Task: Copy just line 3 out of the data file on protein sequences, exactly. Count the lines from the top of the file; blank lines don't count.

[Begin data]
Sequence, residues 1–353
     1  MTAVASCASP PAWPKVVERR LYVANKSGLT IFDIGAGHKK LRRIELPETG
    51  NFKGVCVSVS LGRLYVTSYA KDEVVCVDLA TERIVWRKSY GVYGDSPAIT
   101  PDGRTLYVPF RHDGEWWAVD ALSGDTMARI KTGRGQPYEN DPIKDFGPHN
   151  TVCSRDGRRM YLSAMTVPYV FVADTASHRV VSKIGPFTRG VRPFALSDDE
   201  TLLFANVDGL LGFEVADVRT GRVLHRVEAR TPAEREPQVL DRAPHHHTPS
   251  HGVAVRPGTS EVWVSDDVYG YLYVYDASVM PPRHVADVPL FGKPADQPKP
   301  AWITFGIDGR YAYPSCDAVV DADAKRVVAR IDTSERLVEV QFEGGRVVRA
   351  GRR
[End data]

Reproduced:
    51  NFKGVCVSVS LGRLYVTSYA KDEVVCVDLA TERIVWRKSY GVYGDSPAIT